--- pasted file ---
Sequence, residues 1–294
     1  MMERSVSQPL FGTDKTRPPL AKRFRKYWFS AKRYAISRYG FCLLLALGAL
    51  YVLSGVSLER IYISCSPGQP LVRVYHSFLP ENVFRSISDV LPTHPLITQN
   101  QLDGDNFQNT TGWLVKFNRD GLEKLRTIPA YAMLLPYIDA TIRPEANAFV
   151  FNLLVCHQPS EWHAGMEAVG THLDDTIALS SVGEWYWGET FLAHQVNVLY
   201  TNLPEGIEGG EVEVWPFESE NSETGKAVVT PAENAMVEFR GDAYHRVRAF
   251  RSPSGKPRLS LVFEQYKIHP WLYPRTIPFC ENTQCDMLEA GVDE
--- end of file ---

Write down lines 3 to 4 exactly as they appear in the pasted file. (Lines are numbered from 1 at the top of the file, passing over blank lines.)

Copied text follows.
    51  YVLSGVSLER IYISCSPGQP LVRVYHSFLP ENVFRSISDV LPTHPLITQN
   101  QLDGDNFQNT TGWLVKFNRD GLEKLRTIPA YAMLLPYIDA TIRPEANAFV